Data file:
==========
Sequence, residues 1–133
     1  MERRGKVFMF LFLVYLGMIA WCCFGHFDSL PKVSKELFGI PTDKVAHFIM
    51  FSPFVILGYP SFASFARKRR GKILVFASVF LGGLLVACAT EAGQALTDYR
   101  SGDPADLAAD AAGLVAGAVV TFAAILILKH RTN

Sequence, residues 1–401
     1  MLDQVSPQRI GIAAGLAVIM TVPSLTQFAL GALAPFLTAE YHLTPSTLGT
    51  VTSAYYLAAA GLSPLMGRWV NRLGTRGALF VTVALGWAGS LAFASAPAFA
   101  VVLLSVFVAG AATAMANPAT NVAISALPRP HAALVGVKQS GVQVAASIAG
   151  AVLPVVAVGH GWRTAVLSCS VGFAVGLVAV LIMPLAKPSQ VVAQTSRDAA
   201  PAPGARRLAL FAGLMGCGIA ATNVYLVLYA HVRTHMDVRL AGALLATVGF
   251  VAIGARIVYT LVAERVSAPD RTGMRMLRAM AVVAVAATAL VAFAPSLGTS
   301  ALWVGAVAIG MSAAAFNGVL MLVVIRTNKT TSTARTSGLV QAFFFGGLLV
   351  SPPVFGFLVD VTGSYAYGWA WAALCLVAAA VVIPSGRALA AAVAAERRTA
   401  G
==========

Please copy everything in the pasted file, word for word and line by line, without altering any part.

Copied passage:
Sequence, residues 1–133
     1  MERRGKVFMF LFLVYLGMIA WCCFGHFDSL PKVSKELFGI PTDKVAHFIM
    51  FSPFVILGYP SFASFARKRR GKILVFASVF LGGLLVACAT EAGQALTDYR
   101  SGDPADLAAD AAGLVAGAVV TFAAILILKH RTN

Sequence, residues 1–401
     1  MLDQVSPQRI GIAAGLAVIM TVPSLTQFAL GALAPFLTAE YHLTPSTLGT
    51  VTSAYYLAAA GLSPLMGRWV NRLGTRGALF VTVALGWAGS LAFASAPAFA
   101  VVLLSVFVAG AATAMANPAT NVAISALPRP HAALVGVKQS GVQVAASIAG
   151  AVLPVVAVGH GWRTAVLSCS VGFAVGLVAV LIMPLAKPSQ VVAQTSRDAA
   201  PAPGARRLAL FAGLMGCGIA ATNVYLVLYA HVRTHMDVRL AGALLATVGF
   251  VAIGARIVYT LVAERVSAPD RTGMRMLRAM AVVAVAATAL VAFAPSLGTS
   301  ALWVGAVAIG MSAAAFNGVL MLVVIRTNKT TSTARTSGLV QAFFFGGLLV
   351  SPPVFGFLVD VTGSYAYGWA WAALCLVAAA VVIPSGRALA AAVAAERRTA
   401  G